General Motors offers the following technical service bulletin that covers intake manifold inspection/replacement after severe internal engine damage.
When replacing an engine due to internal damage, extreme care should be taken when transferring the intake manifold to the new Goodwrench service engine long block. Internal damage may result in the potential discharge of internal engine component debris in the intake manifold via bent, broken or missing intake valves.
After removing the intake manifold from the engine, the technician should carefully inspect all of the cylinder head intake ports to see if the valve heads are still present and not bent. Usually when the valve heads are missing or sufficiently bent, internal engine component debris will be present to varying degrees in the intake port of the cylinder head.
If this debris is present in any of the cylinder head intake ports, the intake manifold should be replaced. This replacement is required due to the complex inlet runner and plenum configuration of most of the intake manifolds, making thorough and complete component cleaning difficult and nearly impossible to verify complete removal of debris. Re-installation of an intake manifold removed from an engine with deposits of internal engine component debris may result in the ingestion of any remaining debris into the new Goodwrench service engine. This may cause damage or potential failure to the new service engine.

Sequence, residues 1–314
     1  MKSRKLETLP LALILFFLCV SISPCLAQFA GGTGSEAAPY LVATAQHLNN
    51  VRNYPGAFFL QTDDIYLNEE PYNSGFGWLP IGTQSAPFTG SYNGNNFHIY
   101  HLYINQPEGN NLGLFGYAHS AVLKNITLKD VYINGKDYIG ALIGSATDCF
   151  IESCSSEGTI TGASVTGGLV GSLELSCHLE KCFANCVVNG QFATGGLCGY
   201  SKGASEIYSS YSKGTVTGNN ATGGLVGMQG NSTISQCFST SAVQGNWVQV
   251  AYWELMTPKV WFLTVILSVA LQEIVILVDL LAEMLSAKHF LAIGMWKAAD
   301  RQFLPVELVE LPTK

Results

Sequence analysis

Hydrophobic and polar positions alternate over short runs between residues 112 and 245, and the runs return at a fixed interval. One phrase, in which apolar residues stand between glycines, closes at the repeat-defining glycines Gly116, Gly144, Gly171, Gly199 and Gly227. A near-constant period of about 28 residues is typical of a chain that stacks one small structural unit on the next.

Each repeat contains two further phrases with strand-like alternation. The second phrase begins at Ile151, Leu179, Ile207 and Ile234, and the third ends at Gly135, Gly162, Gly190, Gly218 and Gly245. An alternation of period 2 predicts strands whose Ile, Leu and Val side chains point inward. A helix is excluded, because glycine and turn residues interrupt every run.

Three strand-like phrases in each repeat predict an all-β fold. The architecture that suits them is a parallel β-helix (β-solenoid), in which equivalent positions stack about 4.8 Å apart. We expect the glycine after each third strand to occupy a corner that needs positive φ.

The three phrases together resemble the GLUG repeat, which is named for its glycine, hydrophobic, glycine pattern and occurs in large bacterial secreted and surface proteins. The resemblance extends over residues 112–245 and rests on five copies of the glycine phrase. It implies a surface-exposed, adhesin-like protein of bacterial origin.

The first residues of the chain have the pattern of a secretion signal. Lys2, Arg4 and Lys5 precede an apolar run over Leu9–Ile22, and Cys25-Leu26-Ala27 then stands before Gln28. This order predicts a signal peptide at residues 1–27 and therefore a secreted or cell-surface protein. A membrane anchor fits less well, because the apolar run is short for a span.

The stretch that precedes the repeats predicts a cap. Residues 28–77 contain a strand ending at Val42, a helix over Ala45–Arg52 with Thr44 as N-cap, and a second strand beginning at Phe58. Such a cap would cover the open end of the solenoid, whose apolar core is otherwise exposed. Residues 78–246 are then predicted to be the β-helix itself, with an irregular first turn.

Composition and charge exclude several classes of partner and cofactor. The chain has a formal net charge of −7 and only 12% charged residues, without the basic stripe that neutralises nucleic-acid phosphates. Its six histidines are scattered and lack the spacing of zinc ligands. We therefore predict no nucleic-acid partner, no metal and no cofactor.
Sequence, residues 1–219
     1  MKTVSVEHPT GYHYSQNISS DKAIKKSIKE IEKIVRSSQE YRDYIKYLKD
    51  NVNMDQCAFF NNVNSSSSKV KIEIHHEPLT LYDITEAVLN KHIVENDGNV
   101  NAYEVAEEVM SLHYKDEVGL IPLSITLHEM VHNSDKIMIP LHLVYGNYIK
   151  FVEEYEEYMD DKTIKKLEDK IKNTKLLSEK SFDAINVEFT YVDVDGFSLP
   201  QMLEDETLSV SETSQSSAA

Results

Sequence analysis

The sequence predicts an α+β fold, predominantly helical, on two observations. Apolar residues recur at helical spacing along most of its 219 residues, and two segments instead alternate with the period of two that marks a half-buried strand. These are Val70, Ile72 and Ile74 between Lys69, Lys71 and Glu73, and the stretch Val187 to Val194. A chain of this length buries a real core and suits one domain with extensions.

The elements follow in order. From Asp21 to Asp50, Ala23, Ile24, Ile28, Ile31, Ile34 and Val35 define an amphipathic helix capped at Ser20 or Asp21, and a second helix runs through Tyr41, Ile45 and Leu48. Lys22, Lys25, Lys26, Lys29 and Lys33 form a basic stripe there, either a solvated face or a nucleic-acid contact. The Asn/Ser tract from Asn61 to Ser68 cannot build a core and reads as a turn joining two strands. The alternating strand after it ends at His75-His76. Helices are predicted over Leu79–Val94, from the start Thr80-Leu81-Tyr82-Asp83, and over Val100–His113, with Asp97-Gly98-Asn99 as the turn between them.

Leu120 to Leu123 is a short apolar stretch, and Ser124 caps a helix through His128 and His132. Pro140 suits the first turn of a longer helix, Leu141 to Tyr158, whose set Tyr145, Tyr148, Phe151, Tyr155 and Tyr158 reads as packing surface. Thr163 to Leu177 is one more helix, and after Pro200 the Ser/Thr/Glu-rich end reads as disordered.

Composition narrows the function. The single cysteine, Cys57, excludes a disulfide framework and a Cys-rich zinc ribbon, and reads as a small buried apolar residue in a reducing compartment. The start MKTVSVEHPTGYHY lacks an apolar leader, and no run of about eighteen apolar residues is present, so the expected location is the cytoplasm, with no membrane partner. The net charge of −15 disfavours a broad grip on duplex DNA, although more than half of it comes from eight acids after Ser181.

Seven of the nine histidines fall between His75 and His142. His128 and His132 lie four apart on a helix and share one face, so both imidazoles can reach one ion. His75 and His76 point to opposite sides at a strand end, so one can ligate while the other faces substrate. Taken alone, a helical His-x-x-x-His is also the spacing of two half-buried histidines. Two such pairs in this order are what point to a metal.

Technical service bulletin courtesy of Mitchell 1.
For more information on Mitchell 1 products and services, automotive professionals can log onto the company’s website at www.mitchell1.com.